# Cure for malicious samples¶

• Author or source: moc.eh-u@sru
• Type: Filters Denormals, NaNs, Infinities
• Created: 2005-03-24 00:32:54
notes
```A lot of incidents can happen during processing samples. A nasty one is denormalization,
which makes cpus consume insanely many cycles for easiest instructions.

But even worse, if you have NaNs or Infinities inside recursive structures, maybe due to
division by zero,  all subsequent samples that are multiplied with these values will get
"infected" and become NaN or Infinity. Your sound makes BLIPPP and that was it, silence
from the speakers.

Thus I've written a small function that sets all of these cases to 0.0f.

You'll notice that I treat a buffer of floats as unsigned integers. And I avaoid branches
by using comparison results as 0 or 1.

When compiled with GCC, this function should not create any "hidden" branches, but you
should verify the assembly code anyway. Sometimes some parenthesis do the trick...

;)  Urs
```
code
 ``` 1 2 3 4 5 6 7 8 9 10 11 12 13 14 15 16 17 18 19 20 21 22 23``` ```#ifndef UInt32 #define UInt32 unsigned int #endif void erase_All_NaNs_Infinities_And_Denormals( float* inSamples, int& inNumberOfSamples ) { UInt32* inArrayOfFloats = (UInt32*) inSamples; for ( int i = 0; i < inNumberOfSamples; i++ ) { UInt32 sample = *inArrayOfFloats; UInt32 exponent = sample & 0x7F800000; // exponent < 0x7F800000 is 0 if NaN or Infinity, otherwise 1 // exponent > 0 is 0 if denormalized, otherwise 1 int aNaN = exponent < 0x7F800000; int aDen = exponent > 0; *inArrayOfFloats++ = sample * ( aNaN & aDen ); } } ```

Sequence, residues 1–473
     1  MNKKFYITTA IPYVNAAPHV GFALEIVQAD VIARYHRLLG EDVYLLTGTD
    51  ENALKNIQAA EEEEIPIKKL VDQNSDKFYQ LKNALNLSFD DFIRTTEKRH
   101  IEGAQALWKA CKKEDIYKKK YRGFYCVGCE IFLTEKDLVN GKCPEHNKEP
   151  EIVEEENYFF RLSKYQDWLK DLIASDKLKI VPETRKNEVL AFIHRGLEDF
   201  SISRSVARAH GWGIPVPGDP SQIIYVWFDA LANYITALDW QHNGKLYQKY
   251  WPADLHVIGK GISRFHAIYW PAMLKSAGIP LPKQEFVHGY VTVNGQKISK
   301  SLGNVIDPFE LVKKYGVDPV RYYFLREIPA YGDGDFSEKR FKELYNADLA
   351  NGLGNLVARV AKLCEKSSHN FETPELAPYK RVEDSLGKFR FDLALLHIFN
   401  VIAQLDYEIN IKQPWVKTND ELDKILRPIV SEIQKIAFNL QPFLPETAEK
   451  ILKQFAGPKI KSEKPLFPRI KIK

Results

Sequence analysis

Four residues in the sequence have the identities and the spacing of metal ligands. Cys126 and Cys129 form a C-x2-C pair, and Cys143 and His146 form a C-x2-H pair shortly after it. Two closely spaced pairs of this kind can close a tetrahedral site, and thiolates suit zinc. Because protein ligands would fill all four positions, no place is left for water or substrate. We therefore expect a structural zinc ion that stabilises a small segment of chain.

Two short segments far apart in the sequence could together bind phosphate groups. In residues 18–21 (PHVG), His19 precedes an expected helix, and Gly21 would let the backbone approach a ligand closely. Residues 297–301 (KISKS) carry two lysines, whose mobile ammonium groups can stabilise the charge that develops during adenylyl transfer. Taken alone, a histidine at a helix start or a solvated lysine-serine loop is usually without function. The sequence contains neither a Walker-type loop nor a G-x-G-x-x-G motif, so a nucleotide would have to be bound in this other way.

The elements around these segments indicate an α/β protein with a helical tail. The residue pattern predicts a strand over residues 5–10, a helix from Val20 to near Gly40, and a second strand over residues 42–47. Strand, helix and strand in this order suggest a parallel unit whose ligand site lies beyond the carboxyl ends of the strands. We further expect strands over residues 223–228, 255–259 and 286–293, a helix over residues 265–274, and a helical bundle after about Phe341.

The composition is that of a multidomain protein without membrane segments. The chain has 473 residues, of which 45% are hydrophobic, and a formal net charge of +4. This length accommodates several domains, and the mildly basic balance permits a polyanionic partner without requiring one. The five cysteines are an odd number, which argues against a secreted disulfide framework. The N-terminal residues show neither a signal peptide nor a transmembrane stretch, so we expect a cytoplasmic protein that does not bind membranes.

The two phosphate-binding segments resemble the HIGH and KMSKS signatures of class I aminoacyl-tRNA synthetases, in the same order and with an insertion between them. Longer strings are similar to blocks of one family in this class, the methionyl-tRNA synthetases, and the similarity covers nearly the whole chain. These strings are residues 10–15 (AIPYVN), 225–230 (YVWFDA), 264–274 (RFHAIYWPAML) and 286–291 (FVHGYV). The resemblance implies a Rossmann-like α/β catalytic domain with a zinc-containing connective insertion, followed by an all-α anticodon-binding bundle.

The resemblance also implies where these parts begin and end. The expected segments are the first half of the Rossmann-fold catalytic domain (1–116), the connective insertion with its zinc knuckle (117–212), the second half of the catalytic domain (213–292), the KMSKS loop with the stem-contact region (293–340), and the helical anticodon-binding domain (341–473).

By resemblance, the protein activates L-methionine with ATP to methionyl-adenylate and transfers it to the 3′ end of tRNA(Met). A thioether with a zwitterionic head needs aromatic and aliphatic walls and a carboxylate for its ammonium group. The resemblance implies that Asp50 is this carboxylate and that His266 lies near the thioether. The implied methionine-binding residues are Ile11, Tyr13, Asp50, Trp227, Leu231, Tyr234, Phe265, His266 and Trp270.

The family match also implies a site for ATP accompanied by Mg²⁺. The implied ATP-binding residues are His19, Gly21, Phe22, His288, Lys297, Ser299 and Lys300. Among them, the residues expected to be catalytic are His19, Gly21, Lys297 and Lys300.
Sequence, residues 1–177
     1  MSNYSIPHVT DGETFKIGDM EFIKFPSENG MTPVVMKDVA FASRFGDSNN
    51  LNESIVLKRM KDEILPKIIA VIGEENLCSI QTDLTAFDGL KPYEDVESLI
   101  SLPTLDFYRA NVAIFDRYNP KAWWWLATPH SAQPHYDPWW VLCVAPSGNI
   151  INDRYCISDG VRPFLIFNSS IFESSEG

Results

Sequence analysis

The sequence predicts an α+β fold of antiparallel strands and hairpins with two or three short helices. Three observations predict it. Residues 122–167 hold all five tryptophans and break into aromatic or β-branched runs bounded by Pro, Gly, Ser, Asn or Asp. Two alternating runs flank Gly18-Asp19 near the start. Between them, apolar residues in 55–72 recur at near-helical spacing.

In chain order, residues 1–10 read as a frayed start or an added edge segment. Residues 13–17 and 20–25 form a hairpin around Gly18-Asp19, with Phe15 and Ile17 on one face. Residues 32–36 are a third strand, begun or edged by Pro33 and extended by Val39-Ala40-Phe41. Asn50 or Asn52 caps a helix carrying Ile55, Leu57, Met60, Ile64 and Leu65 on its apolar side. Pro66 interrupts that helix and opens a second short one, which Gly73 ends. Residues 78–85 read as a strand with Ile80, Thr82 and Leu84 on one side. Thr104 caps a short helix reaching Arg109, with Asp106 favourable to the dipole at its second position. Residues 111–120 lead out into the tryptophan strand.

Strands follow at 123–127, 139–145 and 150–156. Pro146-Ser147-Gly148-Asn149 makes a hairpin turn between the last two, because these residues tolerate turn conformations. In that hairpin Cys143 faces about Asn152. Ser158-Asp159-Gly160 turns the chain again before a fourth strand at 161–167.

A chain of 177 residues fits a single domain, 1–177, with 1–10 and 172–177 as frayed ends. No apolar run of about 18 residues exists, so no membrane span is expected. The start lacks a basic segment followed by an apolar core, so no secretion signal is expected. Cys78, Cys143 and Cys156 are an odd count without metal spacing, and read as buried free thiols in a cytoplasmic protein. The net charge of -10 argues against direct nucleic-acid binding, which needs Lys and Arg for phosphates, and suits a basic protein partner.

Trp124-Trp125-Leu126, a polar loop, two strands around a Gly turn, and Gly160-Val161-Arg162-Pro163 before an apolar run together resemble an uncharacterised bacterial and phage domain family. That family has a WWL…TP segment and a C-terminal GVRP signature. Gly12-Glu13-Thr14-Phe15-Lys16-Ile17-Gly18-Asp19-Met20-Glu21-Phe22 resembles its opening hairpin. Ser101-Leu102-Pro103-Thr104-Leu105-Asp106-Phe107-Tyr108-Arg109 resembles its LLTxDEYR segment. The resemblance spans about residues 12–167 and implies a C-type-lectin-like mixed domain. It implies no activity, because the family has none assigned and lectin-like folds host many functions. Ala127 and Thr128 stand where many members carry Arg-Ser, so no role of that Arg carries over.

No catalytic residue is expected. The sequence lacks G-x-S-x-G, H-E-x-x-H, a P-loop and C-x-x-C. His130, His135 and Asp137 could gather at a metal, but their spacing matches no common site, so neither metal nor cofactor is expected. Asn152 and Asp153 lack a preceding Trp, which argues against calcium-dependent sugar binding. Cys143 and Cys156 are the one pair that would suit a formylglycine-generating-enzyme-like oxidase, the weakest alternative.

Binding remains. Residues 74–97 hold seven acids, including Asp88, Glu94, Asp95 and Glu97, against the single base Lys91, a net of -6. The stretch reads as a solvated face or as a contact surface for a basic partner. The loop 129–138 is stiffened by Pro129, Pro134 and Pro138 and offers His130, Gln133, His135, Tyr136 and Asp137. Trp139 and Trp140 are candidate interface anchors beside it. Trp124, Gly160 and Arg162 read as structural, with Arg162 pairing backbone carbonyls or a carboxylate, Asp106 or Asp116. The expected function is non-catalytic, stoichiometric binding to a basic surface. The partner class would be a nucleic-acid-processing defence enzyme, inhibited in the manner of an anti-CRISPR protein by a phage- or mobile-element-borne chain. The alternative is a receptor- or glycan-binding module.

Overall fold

• Date: 2005-05-14 17:18:12
• By: dont-email-me
```#include <inttypes.h>
and use std::uint32_t
or typedef (not #define)

int const & inNumberOfSamples
```
• Date: 2005-10-14 18:36:07
• By: DevilishHabib
```Isn't it bad to declare variables within for loop?
If someone has VC++ standard (no optimizer included, thanks Bill :-( ) , the cycles gained by removing denormals, will be eaten by declaring 4 variables per loop cycle, so watch out !
```
```DevilishHabib, that's rubbish. It doesn't matter where the declaration is as long as the code works. Declaring outside the loop is the same thing (you can verify this).

Urs, nice code but you don't get rid of branches just like that. Comparision is comparision no matter what. Your code is equal to "int aNaN = exponent < 0x7F800000 ? 1 : 0;" which is equal to "int aNan = 0; if (exponent < 0x7F800000) aNan = 1;" If we are talking about x86 asm here, there is no instruction that would do the conditional assignment needed. MMX/SSE has it, though.
```
• Date: 2014-10-18 18:36:44
• By: none
```texmex, nope, the result of < or > does not create any branches on x86.
```